Somehow it seems mightily appropriate that we celebrate Jesuit Heritage Week during these post-inauguration and post-march days, as our nation embarks on a transition of administrations that has thus far been unlike almost any other in its history. In the face of so much change, volatility, and uncertainty, our Jesuit heritage and mission gives us a deeply grounded foundation for living in this emerging reality and supporting one another, and it inspires us to commit ever more to the shared service of the common good.
Since we live it everyday, we may not appreciate just how radical, and countercultural, Jesuit education is. But at root, it stands in sharp distinction from many of the trends of our present day, and especially those that have been so present in the last few weeks.
First and foremost, the Jesuit worldview privileges listening. Indeed, the whole Jesuit approach is optimistic, premised on the basic idea that amazing things are occurring in the world, at each moment and in each person; our task is to look for them, listen for them, search for them. In religious terms, we say that God is present in all things, lingering just below the surface, and this means that we will be rewarded and inspired if we make the effort to quiet ourselves enough to listen — and listen deeply — to one another. The sacred is discovered not in shouting, or in rapid-fire internet postings, or in a basic posture of fear, but instead in patient, respectful, and even hopeful attention to the cares and concerns of those around us.
Last semester, I saw this kind of listening lived out here at Georgetown, in perhaps the most powerful experience I have ever had as an educator. On the first day back after the November elections, in a hush-quiet auditorium in Reiss, my students and I genuinely listened to one another. We took the time to slow down, to disconnect from our devices, and to write down our feelings and thoughts. And then we listened to each others’ questions and concerns, and we heard a massively wide set of experiences; one person captured this powerfully, “I realize that there are a whole set of experiences that I have not heard among my fellow students and citizens; I need to pay better attention.” Our Jesuit traditions push us to pay attention, even (and especially) when this is challenging.
But Jesuit education is more than feelings. It also encourages a deep engagement and study of the concrete realities of our world; it is empirically grounded and fact-based. From the very first days, Jesuits were fascinated with science and empirical enquiry. They mapped the craters of the moon and studied the paths of the stars, and they were eager to probe the details of history and contemporary affairs. They had no patience for lazy thinking or false assertions; indeed, they became known for their ability to dismantle faulty arguments. They loved grappling with complex issues in complex terms, appreciating the need for nuance, caution, and precision in their use of language.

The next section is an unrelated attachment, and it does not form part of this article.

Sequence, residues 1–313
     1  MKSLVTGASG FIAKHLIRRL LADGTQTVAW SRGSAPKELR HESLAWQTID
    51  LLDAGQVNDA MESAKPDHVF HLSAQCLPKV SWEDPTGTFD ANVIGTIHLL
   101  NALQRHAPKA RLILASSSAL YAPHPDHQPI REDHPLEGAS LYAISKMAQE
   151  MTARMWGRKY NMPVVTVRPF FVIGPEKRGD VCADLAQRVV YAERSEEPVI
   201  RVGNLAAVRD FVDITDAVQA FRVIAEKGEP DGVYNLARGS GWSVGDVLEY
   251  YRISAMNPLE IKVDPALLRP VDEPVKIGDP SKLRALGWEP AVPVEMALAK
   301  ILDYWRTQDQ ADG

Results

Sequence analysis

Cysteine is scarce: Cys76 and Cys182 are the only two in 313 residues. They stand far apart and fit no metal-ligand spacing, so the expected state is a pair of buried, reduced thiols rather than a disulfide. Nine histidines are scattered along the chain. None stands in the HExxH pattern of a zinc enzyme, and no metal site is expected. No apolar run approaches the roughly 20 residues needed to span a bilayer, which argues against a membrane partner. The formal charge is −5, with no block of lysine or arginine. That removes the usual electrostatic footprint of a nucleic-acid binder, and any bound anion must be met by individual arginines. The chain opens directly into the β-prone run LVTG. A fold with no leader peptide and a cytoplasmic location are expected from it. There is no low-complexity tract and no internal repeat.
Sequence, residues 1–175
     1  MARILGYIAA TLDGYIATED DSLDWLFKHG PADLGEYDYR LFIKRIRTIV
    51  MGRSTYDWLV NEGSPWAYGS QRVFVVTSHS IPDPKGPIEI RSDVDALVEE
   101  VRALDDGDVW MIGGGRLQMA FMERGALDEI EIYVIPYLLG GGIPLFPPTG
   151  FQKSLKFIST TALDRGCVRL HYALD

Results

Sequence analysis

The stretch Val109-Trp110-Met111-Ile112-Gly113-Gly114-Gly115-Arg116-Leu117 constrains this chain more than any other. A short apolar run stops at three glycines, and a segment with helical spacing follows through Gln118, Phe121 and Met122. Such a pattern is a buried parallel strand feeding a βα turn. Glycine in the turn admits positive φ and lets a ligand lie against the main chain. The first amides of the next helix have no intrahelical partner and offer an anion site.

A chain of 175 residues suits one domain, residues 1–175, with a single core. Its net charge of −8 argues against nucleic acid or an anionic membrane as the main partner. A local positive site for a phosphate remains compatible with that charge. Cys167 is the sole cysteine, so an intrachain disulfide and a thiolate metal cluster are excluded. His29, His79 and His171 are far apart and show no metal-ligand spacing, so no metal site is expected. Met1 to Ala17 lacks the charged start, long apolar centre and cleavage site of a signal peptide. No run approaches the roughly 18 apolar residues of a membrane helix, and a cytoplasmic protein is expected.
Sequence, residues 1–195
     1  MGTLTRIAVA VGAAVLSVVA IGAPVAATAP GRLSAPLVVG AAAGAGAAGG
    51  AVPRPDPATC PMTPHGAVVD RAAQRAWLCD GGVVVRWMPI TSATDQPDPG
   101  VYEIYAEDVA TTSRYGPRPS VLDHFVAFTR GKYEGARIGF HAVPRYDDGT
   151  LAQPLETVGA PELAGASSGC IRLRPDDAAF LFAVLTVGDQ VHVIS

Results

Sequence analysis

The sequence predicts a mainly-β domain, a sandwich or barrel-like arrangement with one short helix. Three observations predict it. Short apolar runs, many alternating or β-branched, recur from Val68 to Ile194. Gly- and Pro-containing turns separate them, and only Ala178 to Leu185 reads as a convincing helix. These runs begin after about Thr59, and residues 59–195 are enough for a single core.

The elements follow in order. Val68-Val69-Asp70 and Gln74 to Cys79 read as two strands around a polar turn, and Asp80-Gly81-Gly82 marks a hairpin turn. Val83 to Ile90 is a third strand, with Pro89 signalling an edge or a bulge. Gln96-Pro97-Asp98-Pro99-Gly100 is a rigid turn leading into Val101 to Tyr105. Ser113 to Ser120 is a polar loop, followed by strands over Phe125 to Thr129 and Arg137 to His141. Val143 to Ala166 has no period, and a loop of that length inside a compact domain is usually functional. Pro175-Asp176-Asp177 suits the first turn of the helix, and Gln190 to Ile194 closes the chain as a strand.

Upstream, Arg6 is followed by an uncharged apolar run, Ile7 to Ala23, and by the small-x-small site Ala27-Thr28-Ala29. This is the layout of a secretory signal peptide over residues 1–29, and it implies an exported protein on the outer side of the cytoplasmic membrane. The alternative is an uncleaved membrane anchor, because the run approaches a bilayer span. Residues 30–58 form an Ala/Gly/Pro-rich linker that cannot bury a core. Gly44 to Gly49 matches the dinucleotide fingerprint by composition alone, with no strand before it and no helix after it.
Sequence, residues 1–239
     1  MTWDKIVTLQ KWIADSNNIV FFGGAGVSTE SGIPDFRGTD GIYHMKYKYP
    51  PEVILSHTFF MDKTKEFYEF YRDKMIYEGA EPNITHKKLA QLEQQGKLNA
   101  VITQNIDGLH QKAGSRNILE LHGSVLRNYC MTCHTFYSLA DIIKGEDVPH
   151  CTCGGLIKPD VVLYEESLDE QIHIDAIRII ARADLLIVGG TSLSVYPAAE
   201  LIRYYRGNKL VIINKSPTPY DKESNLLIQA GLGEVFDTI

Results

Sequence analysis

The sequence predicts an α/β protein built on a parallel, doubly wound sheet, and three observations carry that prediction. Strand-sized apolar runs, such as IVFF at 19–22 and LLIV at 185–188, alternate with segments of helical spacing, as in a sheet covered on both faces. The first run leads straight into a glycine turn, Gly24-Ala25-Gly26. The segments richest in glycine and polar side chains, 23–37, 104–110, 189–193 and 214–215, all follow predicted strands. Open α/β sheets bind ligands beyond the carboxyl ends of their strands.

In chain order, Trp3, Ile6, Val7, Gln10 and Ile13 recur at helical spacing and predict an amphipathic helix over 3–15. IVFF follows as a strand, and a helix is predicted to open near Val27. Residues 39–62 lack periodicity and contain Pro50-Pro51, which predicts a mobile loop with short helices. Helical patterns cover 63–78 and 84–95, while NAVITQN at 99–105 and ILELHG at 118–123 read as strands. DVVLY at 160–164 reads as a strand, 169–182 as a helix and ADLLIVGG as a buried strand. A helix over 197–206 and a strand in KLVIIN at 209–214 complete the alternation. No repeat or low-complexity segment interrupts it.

Today we live that legacy when we move beyond strident assertions or sound bites, and instead seek — in every context, from our classes to our casual conversations — to understand the world in all its complexity.
Third, Jesuit education brings with it a set of deep moral and ethical commitments. The most important of these is an absolute and unflinching stance for the dignity and value of every human person and every member of our community. It is this conviction that led the presidents of Jesuit universities to issue a statement in November, asserting their commitment, in this present moment, to “labor for solidarity among all people, and especially with and for the poor and marginalized of our society … [and] to embrace the entire human family, regardless of their immigration status or religious allegiance.” This lives on as we seek to be bridge builders, promoting inclusion, acceptance, and reconciliation, even in the face of voices that sow division and discord by questioning who “belongs.”
Finally, Jesuit education vibrates with a restless orientation toward action. Jesuits were among the first religious orders to live and work outside of monasteries, choosing to enter daily into the messy fray of political and religious controversies. Looking at the needs of their time, they felt impelled to be activists, and they were willing to be on the front lines and to get their hands dirty. Sometimes they did this in quiet ways, in direct service and accompaniment, and at other times they were so outspoken and public that they drew the ire of those in power. Today, we live this out in our Jesuit education when we take to the streets on pressing issues, and when we pour ourselves into internships and advocacy, boldly speaking up and putting our time and energy behind our convictions.
Jesuit education could not be more important today. With profound, respectful listening, and a willingness to grapple with the hard (and verifiable) facts; with a deep moral commitment to human dignity and inclusion, and an edgy, undeniable impulse toward action, we stand ready, poised to call ourselves — and our nation — to live up to our ideals and promise.
Fr. Matthew Carnes, S.J., is an associate professor of government and the director of the Center for Latin American Studies. AS THIS JESUIT SEES IT appears every other Friday.
Have a reaction to this article? Write a letter to the editor.